Leading period care brands, including Black-owned company, The Honey Pot, along with August, Cora, DIVA, Here We Flow, LOLA, Rael, and Saalt have partnered up to announce The Tampon Tax Back Coalition.
You might not know, but in many states, a “luxury” tax is being imposed when you buy menstrual care products.
In September, Texas became “the 24th state in the country, as well as District of Columbia, to remove what is colloquially known as the ‘tampon tax,’” The New York Times reports. Egregiously, in 21 of the states that still have menstrual product taxes, “other products, like Viagra, candies and condoms, are generally not [taxed].”
But today on International Day of the Girl, The Tampon Tax Back Coalition has launched the website (http://www.tampontaxback.com/). From now on, if you purchase any of these brand’s products, both in-store or online, you can get reimbursed for this unfair tax.
As Texas state Senator Joan Huffman said, “Every woman knows that these products are not optional.” “They are essential to our health and well-being and should be tax exempt,” continued Huffman.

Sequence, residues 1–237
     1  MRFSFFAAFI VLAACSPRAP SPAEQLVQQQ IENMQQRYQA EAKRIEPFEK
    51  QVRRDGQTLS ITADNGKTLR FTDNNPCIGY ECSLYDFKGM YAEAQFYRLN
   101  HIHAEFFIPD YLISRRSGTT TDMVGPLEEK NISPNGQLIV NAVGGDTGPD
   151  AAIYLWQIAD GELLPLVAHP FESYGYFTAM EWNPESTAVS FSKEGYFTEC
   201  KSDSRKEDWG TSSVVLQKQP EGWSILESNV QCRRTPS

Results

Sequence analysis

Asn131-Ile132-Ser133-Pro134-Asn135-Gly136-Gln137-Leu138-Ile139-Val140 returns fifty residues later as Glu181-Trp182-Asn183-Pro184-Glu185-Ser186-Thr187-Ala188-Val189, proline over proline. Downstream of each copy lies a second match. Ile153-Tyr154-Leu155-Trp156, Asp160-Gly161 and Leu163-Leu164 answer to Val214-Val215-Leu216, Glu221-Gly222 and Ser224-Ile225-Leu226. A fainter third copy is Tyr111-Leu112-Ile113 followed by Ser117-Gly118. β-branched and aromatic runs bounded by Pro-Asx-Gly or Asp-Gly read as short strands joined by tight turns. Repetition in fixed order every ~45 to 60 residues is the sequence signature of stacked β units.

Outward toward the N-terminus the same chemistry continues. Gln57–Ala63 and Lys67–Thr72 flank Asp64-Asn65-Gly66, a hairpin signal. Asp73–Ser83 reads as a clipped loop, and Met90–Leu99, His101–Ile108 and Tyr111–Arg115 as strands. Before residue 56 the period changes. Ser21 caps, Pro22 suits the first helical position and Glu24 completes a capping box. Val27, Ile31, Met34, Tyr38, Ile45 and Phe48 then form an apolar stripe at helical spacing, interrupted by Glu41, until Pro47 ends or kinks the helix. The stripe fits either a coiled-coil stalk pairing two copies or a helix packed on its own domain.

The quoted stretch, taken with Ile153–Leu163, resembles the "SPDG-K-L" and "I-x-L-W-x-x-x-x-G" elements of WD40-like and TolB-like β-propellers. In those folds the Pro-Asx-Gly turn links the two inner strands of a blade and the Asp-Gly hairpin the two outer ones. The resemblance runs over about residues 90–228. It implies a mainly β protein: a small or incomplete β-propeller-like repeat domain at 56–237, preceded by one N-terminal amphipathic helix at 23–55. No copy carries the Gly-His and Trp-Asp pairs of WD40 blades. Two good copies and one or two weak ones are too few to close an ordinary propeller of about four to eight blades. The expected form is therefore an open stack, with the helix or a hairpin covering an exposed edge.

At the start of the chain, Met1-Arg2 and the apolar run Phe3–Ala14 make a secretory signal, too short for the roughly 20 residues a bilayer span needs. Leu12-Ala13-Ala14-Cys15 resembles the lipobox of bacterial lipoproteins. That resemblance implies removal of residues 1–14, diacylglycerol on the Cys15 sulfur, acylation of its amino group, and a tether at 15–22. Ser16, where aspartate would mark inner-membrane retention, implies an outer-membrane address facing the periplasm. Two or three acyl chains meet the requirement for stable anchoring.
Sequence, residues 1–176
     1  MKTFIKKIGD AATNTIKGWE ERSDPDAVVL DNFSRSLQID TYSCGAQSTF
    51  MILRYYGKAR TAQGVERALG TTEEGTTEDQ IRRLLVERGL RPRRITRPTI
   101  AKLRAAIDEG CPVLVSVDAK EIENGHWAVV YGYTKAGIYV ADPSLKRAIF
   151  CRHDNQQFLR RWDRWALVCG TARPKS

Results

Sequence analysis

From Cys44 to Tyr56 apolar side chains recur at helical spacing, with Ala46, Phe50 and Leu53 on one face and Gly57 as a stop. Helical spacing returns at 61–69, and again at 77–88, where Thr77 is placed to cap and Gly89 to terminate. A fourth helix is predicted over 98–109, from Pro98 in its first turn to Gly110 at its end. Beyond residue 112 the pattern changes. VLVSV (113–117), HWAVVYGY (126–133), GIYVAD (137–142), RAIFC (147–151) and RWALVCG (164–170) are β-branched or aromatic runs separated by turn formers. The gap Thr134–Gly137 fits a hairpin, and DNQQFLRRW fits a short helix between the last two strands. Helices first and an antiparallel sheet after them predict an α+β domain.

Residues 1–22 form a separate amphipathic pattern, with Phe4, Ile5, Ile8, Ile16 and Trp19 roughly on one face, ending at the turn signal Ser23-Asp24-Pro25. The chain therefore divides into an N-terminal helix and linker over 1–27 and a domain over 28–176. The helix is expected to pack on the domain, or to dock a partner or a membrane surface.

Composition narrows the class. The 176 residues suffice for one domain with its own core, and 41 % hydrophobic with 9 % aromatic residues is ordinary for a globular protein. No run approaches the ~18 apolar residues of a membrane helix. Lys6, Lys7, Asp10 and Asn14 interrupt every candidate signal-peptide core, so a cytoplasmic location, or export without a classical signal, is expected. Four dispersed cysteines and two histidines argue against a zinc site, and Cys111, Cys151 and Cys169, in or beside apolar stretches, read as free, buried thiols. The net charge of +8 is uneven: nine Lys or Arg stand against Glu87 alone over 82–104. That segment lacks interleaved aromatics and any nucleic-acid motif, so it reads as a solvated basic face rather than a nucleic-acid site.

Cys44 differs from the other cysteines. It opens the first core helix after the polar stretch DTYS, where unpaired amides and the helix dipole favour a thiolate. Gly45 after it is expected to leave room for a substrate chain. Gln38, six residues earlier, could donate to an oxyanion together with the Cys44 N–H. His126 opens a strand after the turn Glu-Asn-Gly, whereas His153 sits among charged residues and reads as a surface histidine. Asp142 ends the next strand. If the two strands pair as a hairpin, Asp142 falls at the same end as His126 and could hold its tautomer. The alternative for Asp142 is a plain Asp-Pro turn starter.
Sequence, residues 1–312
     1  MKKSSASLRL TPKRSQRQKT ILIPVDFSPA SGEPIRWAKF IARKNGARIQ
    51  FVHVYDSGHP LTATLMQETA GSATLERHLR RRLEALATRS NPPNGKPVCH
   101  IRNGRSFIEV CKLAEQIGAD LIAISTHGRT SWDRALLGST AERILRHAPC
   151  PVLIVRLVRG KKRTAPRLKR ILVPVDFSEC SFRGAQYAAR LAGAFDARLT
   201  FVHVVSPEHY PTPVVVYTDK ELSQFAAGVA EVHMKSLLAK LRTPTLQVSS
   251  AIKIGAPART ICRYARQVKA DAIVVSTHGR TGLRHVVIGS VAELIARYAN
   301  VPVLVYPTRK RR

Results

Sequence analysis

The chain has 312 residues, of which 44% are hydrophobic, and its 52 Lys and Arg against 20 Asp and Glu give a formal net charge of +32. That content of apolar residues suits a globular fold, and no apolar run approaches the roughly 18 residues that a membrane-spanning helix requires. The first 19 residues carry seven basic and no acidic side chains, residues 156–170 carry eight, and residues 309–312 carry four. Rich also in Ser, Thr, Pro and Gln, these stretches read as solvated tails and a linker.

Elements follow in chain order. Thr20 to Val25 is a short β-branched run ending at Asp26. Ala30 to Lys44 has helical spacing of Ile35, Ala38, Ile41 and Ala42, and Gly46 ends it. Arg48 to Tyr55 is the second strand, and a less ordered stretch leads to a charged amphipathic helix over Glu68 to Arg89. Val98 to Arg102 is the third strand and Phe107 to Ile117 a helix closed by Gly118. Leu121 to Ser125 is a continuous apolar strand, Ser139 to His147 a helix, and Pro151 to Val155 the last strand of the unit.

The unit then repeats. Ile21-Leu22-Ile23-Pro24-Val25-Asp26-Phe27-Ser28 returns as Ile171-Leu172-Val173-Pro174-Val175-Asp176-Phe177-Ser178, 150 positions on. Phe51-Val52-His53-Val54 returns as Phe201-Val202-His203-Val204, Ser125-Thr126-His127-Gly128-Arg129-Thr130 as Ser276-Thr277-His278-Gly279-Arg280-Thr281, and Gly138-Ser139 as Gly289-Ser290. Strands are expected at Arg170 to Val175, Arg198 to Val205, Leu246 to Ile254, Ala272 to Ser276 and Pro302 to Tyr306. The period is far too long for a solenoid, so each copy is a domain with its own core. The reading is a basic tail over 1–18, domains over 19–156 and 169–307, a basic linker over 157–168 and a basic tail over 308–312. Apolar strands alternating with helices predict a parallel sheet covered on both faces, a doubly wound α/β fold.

For years, Black entrepreneur Beatrice Dixon suffered from chronic bacterial vaginosis. Dixon says she “created The Honey Pot [Company] to solve for what other brands wouldn’t – feminine care, powered by herbs.”
As Dixon told ESSENCE, “Period inequities are real. A lot of times we hear about period inequities in other countries, but every city in America has [them].”
“I would venture to say that most people probably don’t know that they’re being taxed the luxury tax, and I would even venture to say that the majority of humans don’t even know that that’s a thing,” added Dixon.
It’s better late than never, and Dixon is glad this is finally becoming a more openly discussed topic. “Now that we’re having these rich conversations, it provides a way for people to be even more informed,” says Dixon.
Dixon echoed Huffman’s sentiments, “Because it is ridiculous that we’re taxed on luxury taxes if we can’t help having a period.” “It’s called the tampon tax even though it really affects any menstrual care products that you buy,” Dixon clarified.
Ultimately, Dixon is hopeful about this historical and powerful moment. These brands, who are competitors in this space, have come together to fight what they perceive as an unjust cause at a really pivotal moment in time.
“There’s a lot of our customers that may use products from some of our other comrades. I just wanted to say, it’s a really beautiful thing,” commented Dixon. The goal?: for everyone with a period to have access.